Personalised NMN supplementation could provide better health benefits for middle-aged and older adults

By Audrey Yow

- Last updated on GMT

Personalised NMN supplementation could lead to better health functions among middle-aged and older adults, according to results from a new clinical trial © Getty Images
Personalised NMN supplementation could lead to better health functions among middle-aged and older adults, according to results from a new clinical trial © Getty Images

Related tags NMN Dietary supplements Healthy ageing

Personalised NMN supplementation could lead to better health functions among middle-aged and older adults, according to results from a new clinical trial

A double-blinded, randomised clinical trial revealed that NMN supplementation is associated with an increase in blood NAD concentrations, which could lead to better functional outcomes and quality of life among middle-aged and older adults.

Nicotinamide mononucleotide (NMN) is a precursor of nicotinamide adenine dinucleotide (NAD), which is needed in major biological processes such as cellular redox regulation and metabolism, and DNA repair. Blood NAD concentration declines with chronological age in animals and humans.

“This post-hoc analysis of a randomised, double-blinded, controlled clinical trial of NMN supplementation indicates that blood NAD concentration changes are dose-dependent but exhibit high interindividual variability,”​ wrote the researchers in this preprint, which is published in medRxiv ​but has not yet been peer-reviewed.

“The improvements associated with higher NAD concentration change were larger in measurements taken after 60 days of supplementation.”

Supplementation of NMN has been shown to improve blood NAD concentration. However, the optimal NMN dose remains unclear. Additionally, while inter-individual variability in the increase of blood NAD after NMN supplementation has been observed in previous studies, there are no studies reporting the relationship between change in blood NAD concentration following NMN supplementation and ageing-related clinical outcomes.

Therefore, researchers did a post-hoc analysis of a clinical trial that was conducted in India. They wanted to determine a target NAD concentration improvement needed to optimise the health effects of NMN supplementation.

The study design of this clinical trial was first reported in 2021. The trial was conducted in Lotus Healthcare and Aesthetics Clinic and Sunad Ayurved in Pune, India. Generally healthy 40- to 65-year-old individuals were included in this 60-day study.

Participants were randomised into four groups receiving placebo or daily NMN supplements of 300 mg, 600 mg, and 900 mg respectively. Age, sex, BMI, blood biological age and HOMA-IR were recorded at baseline and day 60. In addition, blood NAD concentration, 6-minute walk test, and 36-item short-form survey (SF36) scores were measured at baseline, 30 days, and 60 days.

The researchers found that NMN supplementation could improve blood NAD concentration but observed that individual responses to the effects of NMN varied greatly.

“A significant dose-dependent increase in NAD concentration change was observed following NMN supplementation, with a large coefficient of variation (29.2–113.3%) within group. The increase in NAD concentration change was associated with an improvement in the walking distance of 6-minute walk test and the SF-36 score,”​ wrote the researchers.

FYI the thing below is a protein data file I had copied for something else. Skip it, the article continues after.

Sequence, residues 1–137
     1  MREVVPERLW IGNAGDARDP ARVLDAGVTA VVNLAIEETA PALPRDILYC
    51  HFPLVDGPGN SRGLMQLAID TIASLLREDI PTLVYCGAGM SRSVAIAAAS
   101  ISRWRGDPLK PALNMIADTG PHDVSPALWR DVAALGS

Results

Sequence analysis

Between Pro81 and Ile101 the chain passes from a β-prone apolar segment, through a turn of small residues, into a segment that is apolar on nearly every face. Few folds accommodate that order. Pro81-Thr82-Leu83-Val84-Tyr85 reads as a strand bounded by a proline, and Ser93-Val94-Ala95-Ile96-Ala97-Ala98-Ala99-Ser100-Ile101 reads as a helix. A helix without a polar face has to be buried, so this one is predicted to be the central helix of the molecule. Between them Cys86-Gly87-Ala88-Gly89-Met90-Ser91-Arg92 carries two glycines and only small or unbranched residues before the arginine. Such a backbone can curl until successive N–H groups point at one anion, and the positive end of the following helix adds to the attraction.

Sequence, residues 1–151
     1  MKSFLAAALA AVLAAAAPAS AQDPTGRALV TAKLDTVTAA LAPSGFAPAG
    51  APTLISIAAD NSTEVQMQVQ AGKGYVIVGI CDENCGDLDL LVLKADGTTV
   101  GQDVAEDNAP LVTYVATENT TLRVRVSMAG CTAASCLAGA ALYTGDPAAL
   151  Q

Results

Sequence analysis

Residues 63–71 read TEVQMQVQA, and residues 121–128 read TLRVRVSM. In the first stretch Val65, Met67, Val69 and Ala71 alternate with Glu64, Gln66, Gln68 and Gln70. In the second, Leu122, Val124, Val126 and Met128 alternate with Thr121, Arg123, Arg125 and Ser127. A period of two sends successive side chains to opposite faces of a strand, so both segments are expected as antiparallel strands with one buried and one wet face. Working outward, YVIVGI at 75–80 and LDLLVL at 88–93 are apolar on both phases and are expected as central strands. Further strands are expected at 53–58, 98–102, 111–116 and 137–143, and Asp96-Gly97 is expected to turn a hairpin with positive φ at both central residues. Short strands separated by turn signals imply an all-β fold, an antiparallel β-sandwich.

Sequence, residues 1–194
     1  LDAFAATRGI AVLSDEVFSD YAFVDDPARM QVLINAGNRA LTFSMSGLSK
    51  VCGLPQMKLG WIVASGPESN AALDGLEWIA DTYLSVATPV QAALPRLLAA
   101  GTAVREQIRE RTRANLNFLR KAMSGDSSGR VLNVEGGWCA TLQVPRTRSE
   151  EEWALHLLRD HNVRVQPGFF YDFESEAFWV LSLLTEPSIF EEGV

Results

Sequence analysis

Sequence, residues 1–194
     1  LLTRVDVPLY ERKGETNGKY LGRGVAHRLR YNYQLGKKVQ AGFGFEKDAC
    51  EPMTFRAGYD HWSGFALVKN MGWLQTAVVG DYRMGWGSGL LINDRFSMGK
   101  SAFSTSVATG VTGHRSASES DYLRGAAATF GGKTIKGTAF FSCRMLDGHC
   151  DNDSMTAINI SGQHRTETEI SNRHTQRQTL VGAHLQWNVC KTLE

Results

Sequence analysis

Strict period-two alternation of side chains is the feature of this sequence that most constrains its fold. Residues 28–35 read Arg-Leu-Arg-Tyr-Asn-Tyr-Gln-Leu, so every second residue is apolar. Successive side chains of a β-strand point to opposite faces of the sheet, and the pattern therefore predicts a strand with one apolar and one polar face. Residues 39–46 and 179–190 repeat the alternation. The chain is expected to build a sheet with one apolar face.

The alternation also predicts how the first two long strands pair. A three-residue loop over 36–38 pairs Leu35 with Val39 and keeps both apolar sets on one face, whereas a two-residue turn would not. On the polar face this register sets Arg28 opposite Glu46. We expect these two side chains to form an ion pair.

The results showed that the median effective dose of blood NAD concentration improvement to achieve clinically significant improvement in functional outcome and quality of life was around 15 nmol/L.

However, due to the varied response rates to the effects of NMN, the researchers recommended monitoring changes in blood NAD concentration, and that a personalised dosage for NMN supplementation should be administered as needed.

“The median effect dose of NAD concentration change for the 6-minute walk test and SF-36 score was 15.7 nmol/L (95% CI: 10.9–20.5 nmol/L) and 13.5 nmol/L (95% CI; 10.5–16.5 nmol/L), respectively. Because of the high interindividual variability of the NAD concentration change after NMN supplementation, monitoring NAD concentration can provide valuable insights for tailoring personalised dosage regimens and optimising NMN utilisation,”​ concluded the researchers.

However, they said that further studies on personalised NAD precursor supplements and optimal blood NAD concentration are needed.

“It is important to note that no established guideline for an optimal therapeutic window of blood NAD concentration exists, thus closer monitoring of blood NAD for a longer follow-up duration is needed in future studies. All results have to be treated with caution due to the relatively small sample size.

“Factors that could influence baseline NAD concentrations should be taken into account in future larger trials,”​ said the researchers.

Source: MedRxiv


“Towards personalized nicotinamide mononucleotide (NMN) supplementation: nicotinamide adenine dinucleotide (NAD) concentration”

Authors: Ajla Hodzic Kuerec, Weilan Wang et al​.

We will be taking a closer look at Clinical Nutrition in our Growth Asia Summit 2024 this coming July, which will feature insights from a wide range of industry leaders and experts. Don't miss out – register here​ today!

Related news

Show more

Related products

show more

Women's Health For All Life Stages

Women's Health For All Life Stages

Content provided by Gencor | 29-May-2024 | White Paper

SPINS' recent industry trends analysis shows that women's health is finally getting its due after years of being overlooked in favor of men's...

Related suppliers

Follow us


View more


Nutra Champions Podcast

Nutra Champions Podcast